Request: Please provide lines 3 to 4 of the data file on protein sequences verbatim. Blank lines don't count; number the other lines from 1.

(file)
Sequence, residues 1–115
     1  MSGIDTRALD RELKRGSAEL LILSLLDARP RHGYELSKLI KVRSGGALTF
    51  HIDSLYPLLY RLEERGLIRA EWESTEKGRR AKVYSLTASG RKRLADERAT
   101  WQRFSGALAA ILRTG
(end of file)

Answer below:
    51  HIDSLYPLLY RLEERGLIRA EWESTEKGRR AKVYSLTASG RKRLADERAT
   101  WQRFSGALAA ILRTG